Quick Hit: JGS T3 Africaster Review

An exotic-wood T-style with a bevy of nice tones courtesy of Kent Armstrong pickups.

Built by luthier John Soderlund in Pietermaritzburg, South Africa, the T3 Africaster features an ash body with a top made of a hardwood called red bushwillow. The fretboard and body binding are Gabon ebony, the bridge is a TonePros Tune-o-matic-style, and electronics consist of a set of Kent Armstrong Texas Vintage Strat pickups and a typical Strat control complement.

Although I was surprised at the T3’s not-quite-tight pots and rough fret ends and nut corners, I was pleased to find that—as you’d expect—the Africaster avails a wide variety of quality tones great for everything from country (including a very Tele-like spunkiness in the bridge position) to funk, R&B, and a smorgasbord of rock sounds—including wonderfully corpulent tones from the neck pickup when paired with a nice fuzz pedal.

Test gear: Jaguar HC50 and Goodsell Valpreaux 21 amps, various pedals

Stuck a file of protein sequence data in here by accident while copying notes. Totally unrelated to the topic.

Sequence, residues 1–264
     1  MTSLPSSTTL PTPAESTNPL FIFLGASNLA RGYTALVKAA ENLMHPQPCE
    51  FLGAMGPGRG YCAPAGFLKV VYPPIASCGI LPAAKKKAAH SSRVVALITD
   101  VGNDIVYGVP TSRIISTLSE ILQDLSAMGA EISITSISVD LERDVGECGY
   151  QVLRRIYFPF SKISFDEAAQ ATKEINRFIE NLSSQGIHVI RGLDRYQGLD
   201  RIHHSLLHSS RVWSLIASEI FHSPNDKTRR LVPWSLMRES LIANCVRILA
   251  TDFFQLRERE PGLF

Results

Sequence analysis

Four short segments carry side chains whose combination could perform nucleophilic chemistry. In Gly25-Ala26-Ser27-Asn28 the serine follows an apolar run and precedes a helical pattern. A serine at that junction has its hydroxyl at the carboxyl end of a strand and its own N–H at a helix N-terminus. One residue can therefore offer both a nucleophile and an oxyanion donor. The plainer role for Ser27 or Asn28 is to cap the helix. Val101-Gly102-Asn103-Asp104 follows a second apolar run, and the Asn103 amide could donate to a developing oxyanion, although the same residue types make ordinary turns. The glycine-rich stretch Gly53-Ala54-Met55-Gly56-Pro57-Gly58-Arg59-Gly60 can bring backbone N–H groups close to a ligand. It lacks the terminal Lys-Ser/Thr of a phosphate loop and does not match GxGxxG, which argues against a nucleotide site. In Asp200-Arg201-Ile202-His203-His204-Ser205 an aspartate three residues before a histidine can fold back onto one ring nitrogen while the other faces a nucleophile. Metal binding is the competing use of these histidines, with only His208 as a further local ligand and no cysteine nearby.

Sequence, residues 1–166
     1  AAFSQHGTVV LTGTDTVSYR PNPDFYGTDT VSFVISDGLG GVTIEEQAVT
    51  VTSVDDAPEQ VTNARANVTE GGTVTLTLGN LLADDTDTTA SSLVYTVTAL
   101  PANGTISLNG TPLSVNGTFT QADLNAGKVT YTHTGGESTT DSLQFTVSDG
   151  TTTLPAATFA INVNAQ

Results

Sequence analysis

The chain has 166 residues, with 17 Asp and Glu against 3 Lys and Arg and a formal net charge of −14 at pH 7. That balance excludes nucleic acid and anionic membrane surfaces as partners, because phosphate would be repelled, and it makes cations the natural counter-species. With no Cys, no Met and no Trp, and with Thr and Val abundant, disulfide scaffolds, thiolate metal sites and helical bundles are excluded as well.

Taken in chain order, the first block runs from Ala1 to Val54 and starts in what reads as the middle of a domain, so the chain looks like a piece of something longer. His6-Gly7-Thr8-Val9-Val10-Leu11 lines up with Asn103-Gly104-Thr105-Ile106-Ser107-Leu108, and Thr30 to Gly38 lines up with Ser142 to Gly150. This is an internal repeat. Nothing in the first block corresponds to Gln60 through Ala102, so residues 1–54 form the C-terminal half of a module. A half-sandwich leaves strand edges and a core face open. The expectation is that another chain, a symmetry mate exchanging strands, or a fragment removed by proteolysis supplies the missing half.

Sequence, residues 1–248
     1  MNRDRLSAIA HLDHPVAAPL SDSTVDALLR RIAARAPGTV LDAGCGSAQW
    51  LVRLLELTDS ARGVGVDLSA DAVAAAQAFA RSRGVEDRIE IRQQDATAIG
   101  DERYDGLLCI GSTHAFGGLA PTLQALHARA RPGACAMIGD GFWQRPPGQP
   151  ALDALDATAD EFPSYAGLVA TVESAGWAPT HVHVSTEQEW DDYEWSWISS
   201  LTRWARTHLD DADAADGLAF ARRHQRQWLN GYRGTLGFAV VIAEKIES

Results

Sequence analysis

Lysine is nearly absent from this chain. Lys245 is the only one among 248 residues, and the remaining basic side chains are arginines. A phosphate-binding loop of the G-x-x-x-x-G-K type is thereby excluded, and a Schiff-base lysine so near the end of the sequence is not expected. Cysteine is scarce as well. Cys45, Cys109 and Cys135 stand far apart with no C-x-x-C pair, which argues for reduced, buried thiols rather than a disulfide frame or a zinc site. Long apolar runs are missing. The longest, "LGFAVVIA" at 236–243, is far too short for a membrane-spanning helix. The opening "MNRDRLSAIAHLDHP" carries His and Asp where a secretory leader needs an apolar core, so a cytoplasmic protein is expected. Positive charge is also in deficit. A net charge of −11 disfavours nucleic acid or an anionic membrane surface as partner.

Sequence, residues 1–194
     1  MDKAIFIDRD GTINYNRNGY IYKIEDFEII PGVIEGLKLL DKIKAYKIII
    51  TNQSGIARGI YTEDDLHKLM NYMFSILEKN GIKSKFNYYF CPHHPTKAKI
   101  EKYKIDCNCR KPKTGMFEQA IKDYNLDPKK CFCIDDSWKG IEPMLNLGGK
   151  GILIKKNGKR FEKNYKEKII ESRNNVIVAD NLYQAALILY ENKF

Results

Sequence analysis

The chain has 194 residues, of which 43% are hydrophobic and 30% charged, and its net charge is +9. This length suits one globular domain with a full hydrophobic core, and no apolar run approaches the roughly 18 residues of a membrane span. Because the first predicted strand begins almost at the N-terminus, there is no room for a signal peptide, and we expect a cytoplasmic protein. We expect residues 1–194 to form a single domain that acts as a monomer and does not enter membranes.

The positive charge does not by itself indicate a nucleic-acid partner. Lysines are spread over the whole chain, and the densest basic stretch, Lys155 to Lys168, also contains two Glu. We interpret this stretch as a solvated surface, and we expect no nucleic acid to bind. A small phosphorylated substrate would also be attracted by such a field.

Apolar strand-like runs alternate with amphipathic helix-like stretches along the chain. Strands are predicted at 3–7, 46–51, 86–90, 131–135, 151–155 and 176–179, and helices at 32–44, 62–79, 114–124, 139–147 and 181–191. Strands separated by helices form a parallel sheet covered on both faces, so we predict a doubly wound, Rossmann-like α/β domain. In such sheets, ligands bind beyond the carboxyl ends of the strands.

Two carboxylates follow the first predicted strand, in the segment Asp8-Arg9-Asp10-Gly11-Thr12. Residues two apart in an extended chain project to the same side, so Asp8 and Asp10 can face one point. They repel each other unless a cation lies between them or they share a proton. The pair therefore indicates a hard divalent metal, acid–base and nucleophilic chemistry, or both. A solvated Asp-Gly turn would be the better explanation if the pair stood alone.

Flexible, quality tonal palette. Unique aesthetics.

Disappointing fretwork and setup. Pricy.







My years-long search for the “right” Bigsby-outfitted box finally paid off. Now how do I make this sumbitch work in my band?

Considering the amount of time I’ve spent (here and elsewhere) talking about and lusting after Gretsch hollowbody guitars, it’s taken me a remarkably long time to end up with a big Bigsby-outfitted box I truly love. High-end Gretsches are pricey enough that, for a long time, I just couldn’t swing it. Years ago I had an Electromatic for a while, and it looked and played lovely, but didn’t have the open, blooming acoustic resonance I hoped for. A while later, I reviewed the stellar Players Edition Broadkaster semi-hollow, and it was so great in so many ways that I set my sights on it, eventually got one, and adore it to this day. Yet the full-hollowbody lust remained.

Read MoreShow less

See a sampling of picks used by famous guitarists over the years.

Marty Stuart

Submit your own artist pick collections to rebecca@premierguitar.com for inclusion in a future gallery.

How does a legacy artist stay on top of his game? The pianist, hit singer-songwriter, producer, and composer talks about the importance of musical growth and positive affirmation; his love for angular melodicism; playing jazz, pop, classical, bluegrass, jam, and soundtrack music; and collaborating with his favorite guitarists, including Pat Metheny and Jerry Garcia.

Read MoreShow less